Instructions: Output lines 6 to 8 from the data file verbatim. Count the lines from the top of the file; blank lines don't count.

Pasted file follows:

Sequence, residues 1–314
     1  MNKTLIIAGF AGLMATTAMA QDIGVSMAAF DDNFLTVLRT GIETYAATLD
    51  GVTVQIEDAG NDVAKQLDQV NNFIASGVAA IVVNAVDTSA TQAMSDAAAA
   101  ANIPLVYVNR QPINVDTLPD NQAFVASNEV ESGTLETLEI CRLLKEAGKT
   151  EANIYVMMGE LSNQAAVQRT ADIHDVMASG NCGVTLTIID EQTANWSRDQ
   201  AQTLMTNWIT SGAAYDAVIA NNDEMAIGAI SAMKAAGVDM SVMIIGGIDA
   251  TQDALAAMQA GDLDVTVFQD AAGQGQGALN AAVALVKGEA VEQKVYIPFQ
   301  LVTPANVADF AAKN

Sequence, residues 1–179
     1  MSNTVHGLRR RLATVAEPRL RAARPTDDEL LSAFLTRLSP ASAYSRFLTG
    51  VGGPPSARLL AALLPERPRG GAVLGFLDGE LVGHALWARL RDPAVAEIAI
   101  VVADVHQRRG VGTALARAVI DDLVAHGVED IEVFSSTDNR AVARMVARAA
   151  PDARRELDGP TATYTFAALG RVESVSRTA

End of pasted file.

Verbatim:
   201  AQTLMTNWIT SGAAYDAVIA NNDEMAIGAI SAMKAAGVDM SVMIIGGIDA
   251  TQDALAAMQA GDLDVTVFQD AAGQGQGALN AAVALVKGEA VEQKVYIPFQ
   301  LVTPANVADF AAKN